By including everything the special rapporteur has weakened his case, especially as he has not defined what exactly states should refrain from developing. As pointed out, there are already some highly automated weapons systems in use. States will not reverse decades of military technology development to go back fighting with bows and arrows. The term LARs does not seem to include armed drones as currently used by the US, Britain, and Israel. No moratorium on the development of LARs could possibly affect the practice of targeted killings, especially since the main idea behind targeted killing is not a robot deciding who to kill, but rather the idea of the robot as an executioner going through ‘kill lists’ that have been put together by the intelligence services. Sure, this process of compiling targeting lists seems to become increasingly automated as well, if one considers the ‘disposition matrix’ – a database that would be designed to manage and coordinate US efforts to kill or capture certain individuals.4 However, a ban of LARs would not address software from adding names to targeting lists based on the communication patterns or other activities that flag them to computers as potential terrorists. In any case, not much automation is needed for eliminating some rag-tag militia members and terrorists with no air defense systems.

Finally, the idea of a moratorium on LARs addressing the issue of reversing the trend of turning modern societies into high-tech police states, as it is happening in the US and elsewhere is even more hopeless. Police and internal security forces already have access to drones and the police use of drones for domestic surveillance and crime fighting will continue with or without an international agreement. Ironically, the types of weapons that are banned by international law and cannot be used in international conflicts, such as expanding bullets, can be perfectly legal to use in a domestic context. In addition, police drones would be equipped with so-called non-lethal or less-than lethal weapons like Taser rounds, so they would by definition not fall under the term LAR.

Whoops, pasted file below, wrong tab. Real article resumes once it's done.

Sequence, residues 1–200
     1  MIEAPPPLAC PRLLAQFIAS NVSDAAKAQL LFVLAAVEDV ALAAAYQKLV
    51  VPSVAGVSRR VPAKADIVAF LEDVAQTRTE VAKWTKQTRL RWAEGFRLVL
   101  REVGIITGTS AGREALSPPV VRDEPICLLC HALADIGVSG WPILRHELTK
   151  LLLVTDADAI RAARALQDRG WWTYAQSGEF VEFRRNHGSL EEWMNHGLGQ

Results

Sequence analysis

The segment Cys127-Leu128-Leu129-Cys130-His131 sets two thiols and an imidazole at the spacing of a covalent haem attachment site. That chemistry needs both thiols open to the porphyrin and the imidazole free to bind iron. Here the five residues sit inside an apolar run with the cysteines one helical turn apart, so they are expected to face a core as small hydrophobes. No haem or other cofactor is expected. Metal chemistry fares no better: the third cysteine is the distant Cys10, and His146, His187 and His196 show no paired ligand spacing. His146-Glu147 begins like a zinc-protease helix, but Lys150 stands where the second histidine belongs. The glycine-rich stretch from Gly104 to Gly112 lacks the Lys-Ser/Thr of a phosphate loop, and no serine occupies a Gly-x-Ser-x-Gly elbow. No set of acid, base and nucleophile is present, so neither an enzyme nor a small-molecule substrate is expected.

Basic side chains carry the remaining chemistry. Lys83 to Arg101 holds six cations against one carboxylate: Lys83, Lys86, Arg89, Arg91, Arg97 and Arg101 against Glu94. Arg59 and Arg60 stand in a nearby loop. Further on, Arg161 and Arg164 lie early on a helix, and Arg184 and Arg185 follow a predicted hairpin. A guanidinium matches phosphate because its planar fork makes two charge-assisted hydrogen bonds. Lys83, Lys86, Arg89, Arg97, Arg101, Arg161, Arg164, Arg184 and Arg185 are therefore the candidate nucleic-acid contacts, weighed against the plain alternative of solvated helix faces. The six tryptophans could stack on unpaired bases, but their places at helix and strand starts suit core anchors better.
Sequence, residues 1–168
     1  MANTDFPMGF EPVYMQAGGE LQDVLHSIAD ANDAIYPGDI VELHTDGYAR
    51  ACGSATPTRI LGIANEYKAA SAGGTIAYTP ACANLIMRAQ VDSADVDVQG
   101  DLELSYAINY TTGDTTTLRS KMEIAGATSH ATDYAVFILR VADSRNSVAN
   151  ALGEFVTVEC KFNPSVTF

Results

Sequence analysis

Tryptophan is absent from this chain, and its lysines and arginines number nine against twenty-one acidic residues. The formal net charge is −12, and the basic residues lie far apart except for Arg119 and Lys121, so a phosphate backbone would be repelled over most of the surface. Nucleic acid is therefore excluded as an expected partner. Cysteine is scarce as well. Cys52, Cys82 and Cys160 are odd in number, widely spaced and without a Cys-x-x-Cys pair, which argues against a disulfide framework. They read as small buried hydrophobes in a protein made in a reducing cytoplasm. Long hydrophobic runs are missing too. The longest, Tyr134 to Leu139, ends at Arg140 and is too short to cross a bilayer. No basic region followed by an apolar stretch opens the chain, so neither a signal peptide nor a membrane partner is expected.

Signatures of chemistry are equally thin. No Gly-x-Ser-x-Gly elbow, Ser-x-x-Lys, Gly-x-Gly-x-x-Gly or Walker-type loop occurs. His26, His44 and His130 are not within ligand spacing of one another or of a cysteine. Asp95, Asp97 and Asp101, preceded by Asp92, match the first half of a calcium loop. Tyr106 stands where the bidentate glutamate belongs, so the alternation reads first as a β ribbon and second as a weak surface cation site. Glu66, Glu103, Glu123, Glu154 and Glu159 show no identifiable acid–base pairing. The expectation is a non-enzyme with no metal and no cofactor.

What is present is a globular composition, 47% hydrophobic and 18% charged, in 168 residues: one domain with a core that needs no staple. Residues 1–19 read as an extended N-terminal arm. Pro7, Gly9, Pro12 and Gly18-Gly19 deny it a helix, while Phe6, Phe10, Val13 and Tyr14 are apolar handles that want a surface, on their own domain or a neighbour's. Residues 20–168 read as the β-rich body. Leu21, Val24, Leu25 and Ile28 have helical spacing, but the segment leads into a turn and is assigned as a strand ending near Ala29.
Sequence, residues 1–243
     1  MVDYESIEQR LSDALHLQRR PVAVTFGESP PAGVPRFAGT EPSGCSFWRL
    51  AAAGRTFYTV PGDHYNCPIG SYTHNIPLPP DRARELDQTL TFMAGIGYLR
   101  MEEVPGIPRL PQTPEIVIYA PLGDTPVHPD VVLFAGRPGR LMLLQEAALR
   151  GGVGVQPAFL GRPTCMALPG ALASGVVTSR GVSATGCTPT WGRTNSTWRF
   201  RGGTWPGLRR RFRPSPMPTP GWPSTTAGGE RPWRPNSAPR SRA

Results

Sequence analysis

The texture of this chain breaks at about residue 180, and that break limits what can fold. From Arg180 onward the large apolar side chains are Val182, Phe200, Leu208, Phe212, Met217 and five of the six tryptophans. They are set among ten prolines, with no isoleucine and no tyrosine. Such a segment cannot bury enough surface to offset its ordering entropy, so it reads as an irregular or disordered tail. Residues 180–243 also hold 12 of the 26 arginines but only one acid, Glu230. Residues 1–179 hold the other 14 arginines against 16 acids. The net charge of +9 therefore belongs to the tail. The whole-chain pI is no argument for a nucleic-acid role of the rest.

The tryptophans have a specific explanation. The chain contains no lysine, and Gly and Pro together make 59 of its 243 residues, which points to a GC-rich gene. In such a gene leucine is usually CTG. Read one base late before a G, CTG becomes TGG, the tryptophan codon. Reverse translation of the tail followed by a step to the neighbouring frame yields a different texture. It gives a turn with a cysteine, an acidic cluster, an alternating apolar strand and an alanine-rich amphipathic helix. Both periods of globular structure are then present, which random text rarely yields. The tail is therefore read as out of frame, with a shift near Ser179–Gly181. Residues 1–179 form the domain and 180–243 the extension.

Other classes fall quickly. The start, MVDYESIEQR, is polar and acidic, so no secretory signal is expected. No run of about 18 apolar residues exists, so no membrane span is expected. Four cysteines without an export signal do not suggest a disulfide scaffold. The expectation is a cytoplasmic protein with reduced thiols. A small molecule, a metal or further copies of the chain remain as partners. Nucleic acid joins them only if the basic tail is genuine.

In terms of what can be realistically expected from a moratorium I am also rather pessimistic. The states that are leading in terms of technology would have the most to lose if the support a moratorium on the development of LARs because it would just mean that other countries would have greater opportunity to catch up technologically and nullify all the advantages currently held by a handful of states. Secondly, the most capable weapons systems are these days developed and sometimes even used in complete secrecy. The US military has ‘white’ R&D projects and then it has also ‘black’ R&D project that are potentially a lot more advanced and revolutionary of what we know of. For example, it has been revealed that the US is secretly working on very advanced unmanned stealth aircraft. Little is known about their capabilities or even purpose. Nations will try to evade and circumvent international arms control agreements by keeping their most advanced toys secret.

The idea of a moratorium of LARs looks initially like a good one, but I very much doubt anything will come out of it. Governments will always do whatever they can do and get away with it, unless they are persuaded that there is just no benefit in certain practices. The only way of preventing further automation of war is by proving to governments that there is no benefit for them doing so. In addition, it does make sense to aim for arms control agreements that limit the permissible numbers of highly autonomous weapons systems and to put strict limitations on the capabilities of highly automated systems in terms of range, payload, and endurance. Permitting militaries to use a few very smart autonomous weapons with limited capability under clearly defined specific circumstances would most likely produce better humanitarian outcomes in war than freezing military technology at the current state where militaries can use an unlimited number of dumb automated weapons.

Endnotes

  1. Cristof Heyns, “Report of the Special Rapporteur for Extrajudicial, Summary or Arbitrary Executions, Cristof Heyns,” UN General Assembly (A/HRC/23/47).
  2. Para. 96.
  3. Para. 118.
  4. Greg Miller, ‘Plan for Hunting Terrorists Signals U.S. Intends Adding Names to Kill Lists’, Washington Post, 24 October 2012.